I haven’t given myself any other school-related to-dos for the summer. Even though there are conferences I want to submit abstracts for in the fall and papers I want to revise into articles that I can submit to journals, I forced myself to formally recognize that those are secondary, even tertiary, priorities for this summer. I have reminders about those things written down in a separate place from my official summer to-dos. If I don’t get to those things by mid-August, it’s okay — I won’t have to be disappointed by those unchecked boxes on my list.
2. Set boundaries and protect them. So far this has been the hardest part of my attempt to find balance, but I think it’s the most important. I usually don’t set myself any kind of schedule over the summer, so I end up working very inconsistent hours. This month, I am spending 9:00 am to 4:00 pm in the library on weekdays, working on academic work and blog writing. I am not working after 5:00 pm this summer, period (no matter how much I may “want” to, or guilt myself into feeling I need to!). Instead I’m spending the evenings with my family and friends, trying out new breweries, re-learning to knit socks (my last attempt four years ago ended in disaster), and catching up on my movies and Netflix watch lists.
I’m also trying to keep work out of the weekends as much as possible. I know this one won’t last for much longer; once my assistantships start up, there simply will not be enough hours during the week to get all my work done. However, when that happens, I am still going to do my best to contain work to only one weekend day, leaving the other free for relaxation. Sure, I could get more done if I spent Sunday afternoons in the library, but isn’t the whole point of summer that you don’t have to spend Sunday afternoons in the library?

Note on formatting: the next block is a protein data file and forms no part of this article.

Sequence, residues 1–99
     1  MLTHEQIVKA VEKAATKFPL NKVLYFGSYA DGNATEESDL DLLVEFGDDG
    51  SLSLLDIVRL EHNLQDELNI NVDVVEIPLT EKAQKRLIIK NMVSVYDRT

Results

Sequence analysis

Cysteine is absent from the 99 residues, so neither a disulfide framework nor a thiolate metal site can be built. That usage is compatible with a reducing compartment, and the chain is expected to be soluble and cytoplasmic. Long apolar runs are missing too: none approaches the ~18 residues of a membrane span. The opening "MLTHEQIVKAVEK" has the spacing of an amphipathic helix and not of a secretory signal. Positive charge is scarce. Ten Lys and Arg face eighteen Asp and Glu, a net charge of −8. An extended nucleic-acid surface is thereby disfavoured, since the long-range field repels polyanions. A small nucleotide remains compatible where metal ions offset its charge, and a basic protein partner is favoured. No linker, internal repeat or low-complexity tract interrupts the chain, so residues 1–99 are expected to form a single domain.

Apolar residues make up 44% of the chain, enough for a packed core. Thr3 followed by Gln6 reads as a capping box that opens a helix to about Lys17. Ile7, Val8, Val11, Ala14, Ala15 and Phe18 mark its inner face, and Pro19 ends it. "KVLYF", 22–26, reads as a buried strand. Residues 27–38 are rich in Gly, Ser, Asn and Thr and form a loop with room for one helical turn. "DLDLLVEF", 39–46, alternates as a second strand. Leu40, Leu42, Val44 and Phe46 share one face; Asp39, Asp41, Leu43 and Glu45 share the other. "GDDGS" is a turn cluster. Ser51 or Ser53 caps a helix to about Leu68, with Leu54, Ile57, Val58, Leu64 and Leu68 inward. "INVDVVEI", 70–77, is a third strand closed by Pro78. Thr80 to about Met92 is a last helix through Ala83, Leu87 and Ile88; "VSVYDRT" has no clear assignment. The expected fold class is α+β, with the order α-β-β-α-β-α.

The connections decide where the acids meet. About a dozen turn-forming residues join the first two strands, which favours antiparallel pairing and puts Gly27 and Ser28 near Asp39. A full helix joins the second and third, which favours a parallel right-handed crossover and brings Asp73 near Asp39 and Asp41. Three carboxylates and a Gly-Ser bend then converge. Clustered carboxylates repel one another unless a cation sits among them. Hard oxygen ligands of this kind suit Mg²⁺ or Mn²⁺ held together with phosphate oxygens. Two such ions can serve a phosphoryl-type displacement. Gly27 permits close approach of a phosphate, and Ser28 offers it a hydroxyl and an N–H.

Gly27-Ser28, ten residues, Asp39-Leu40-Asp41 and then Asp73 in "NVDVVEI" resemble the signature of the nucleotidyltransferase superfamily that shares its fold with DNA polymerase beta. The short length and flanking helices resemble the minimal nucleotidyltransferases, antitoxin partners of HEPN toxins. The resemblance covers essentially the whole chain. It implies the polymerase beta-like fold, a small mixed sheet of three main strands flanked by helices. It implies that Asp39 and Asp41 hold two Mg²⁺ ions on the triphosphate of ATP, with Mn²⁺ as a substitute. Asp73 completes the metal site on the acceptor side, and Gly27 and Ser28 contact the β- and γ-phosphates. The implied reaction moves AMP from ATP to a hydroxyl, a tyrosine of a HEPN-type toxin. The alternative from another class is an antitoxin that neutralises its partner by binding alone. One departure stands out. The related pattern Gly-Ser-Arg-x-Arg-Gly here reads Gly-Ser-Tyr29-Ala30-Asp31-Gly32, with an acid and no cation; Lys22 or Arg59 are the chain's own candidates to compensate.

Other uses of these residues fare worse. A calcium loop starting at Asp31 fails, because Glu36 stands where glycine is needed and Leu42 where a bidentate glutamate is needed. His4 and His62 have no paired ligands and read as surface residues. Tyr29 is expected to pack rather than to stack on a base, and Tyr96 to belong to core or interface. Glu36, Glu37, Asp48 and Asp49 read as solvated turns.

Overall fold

3. Schedule the fun! My official to-do list isn’t just about work: it includes reading one book for fun, getting back into a regular yoga habit, and several knitting and crochet projects. The purpose of summer is to give our minds and bodies a break from the brutality of the school year, to relax and refresh ourselves — why not treat those as goals and activities equal in importance to whatever academic work happens in the summer? Checking a box on the official to-do list when I’ve finished knitting a baby blanket or reading a fun book makes me feel like I’ve accomplished something important, because I have: I’ve spent time on something that renews and refreshes me.
I am not good at loosening up and letting go of things. My work to-do list and the guilt trips I put myself on for not being productive enough follow me everywhere. So this is not an “I did it and you can too” list of easy steps — this is me, as one workaholic to another, saying that I think it’s possible to be less of a workaholic and still feel good about your summer productivity. I may not get as much done this summer as I would by working evenings and weekends, but I am much less likely to hate myself and feel like I’ve wasted my break come August. And though I have snuck in some weekend reading once or twice, I already feel more relaxed than I usually do at this point in the summer. Here’s hoping I can keep it up — and here’s hoping you can, too.